Ford’s EcoBoost Police Interceptors Outrun Competition

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Ford’s EcoBoost Police Interceptors Outrun Competition
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Strong acceleration is important, it’s useful when merging onto a crowded expressway or towing a heavy trailer through the mountains. Speed is especially important for police vehicles as it gives law enforcement officers the power to take down bad guys. But who has the fastest cop car?

The 2014 Dodge Charger Pursuit AWD posted the fastest lap time at the Michigan State Police’s Vehicle Evaluation Test. With 370 horsepower courtesy of a 5.7-liter Hemi V8 it clocked in with a time of 1:33:85 at Grattan Raceway in Belding, Michigan.

It also posted a zero to 60 mile an hour romp of less than six seconds. Braking was equally stellar. The car took just 127 feet to eradicate a velocity of one mile per minute. The Charger is an impressive machine but the folks at Ford are saying not so fast.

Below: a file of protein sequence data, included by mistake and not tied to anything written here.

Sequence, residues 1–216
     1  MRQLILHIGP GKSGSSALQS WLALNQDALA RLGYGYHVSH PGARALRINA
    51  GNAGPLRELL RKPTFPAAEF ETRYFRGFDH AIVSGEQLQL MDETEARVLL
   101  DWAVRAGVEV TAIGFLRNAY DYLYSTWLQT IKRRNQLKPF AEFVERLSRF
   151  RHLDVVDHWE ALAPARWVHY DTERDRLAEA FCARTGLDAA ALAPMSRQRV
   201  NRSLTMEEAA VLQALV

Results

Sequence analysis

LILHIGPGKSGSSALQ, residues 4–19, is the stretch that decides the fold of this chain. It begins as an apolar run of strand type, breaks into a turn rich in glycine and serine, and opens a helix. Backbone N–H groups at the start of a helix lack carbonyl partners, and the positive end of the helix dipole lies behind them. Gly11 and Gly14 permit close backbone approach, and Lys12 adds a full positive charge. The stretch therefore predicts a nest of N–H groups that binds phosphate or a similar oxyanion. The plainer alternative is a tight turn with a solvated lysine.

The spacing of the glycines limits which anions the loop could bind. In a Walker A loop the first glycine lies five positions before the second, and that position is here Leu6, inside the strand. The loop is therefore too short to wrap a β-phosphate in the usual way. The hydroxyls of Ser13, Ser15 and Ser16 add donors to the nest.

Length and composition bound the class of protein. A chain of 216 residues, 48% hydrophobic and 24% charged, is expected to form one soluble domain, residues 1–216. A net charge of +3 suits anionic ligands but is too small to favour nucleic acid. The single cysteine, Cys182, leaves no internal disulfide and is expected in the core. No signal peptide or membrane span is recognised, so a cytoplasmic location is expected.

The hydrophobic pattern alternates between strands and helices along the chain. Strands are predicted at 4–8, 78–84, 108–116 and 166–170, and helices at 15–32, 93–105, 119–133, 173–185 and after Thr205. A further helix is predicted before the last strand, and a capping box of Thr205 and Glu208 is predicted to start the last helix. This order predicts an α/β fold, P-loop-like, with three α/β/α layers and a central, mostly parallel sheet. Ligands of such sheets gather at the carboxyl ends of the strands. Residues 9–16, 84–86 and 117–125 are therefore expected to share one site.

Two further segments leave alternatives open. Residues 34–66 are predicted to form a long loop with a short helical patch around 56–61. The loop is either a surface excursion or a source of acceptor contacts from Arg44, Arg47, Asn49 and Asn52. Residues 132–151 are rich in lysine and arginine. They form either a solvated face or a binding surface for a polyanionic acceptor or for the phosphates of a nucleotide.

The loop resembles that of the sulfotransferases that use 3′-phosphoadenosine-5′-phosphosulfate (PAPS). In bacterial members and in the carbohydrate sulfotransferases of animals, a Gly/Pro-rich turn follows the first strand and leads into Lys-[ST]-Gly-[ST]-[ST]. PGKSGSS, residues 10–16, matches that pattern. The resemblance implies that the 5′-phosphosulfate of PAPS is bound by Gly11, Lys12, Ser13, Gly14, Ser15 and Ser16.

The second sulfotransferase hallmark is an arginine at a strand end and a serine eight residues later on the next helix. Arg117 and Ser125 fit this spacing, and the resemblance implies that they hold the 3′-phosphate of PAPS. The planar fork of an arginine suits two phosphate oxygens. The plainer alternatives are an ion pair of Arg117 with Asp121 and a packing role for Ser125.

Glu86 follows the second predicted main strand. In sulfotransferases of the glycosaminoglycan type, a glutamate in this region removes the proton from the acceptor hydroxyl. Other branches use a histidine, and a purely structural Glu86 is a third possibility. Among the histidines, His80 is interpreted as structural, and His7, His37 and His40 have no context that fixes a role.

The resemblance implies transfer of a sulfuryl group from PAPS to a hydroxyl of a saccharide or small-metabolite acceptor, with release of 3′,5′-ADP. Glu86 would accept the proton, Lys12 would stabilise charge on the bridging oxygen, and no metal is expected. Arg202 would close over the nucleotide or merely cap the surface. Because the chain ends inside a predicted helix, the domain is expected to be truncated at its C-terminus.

Supposedly the Blue Oval’s twin-turbocharged EcoBoost V6-powered Taurus Police Interceptor is even quicker than its Chrysler counterpart. Supposedly it can scoot from a standstill to 60 MPH in less than 5.7 seconds, making it fleeter than either the Charger or Chevrolet’s municipal-grade Caprice.

SEE ALSO: 2014 Dodge Charger Pursuit is America’s Fastest Cop Car

In the blitz to 100 the Ford is also faster than its rivals, reaching triple digits in 13.5 seconds. The Dodge needed an additional 1.2 seconds to accomplish the same feat; the Chevrolet was 0.85 seconds slower.

Ford’s Police Interceptor Utility Vehicle (Explorer) is also quicker than its main rival, the Chevy Tahoe. It beat its bow-tie competitor in both zero to 60 and from zero to 100 mile-an-hour sprints.

The reality is that all three of these vehicles are fast, and probably significantly quicker and more economical than the aging Ford Crown Victoria, which has been a staple of police departments for decades. The Taurus may be faster than its rivals, but its lead is slim.

Discuss this story at our Ford forum.

  • LanceHardenburg

    …which has been a staple* of police departments for decades…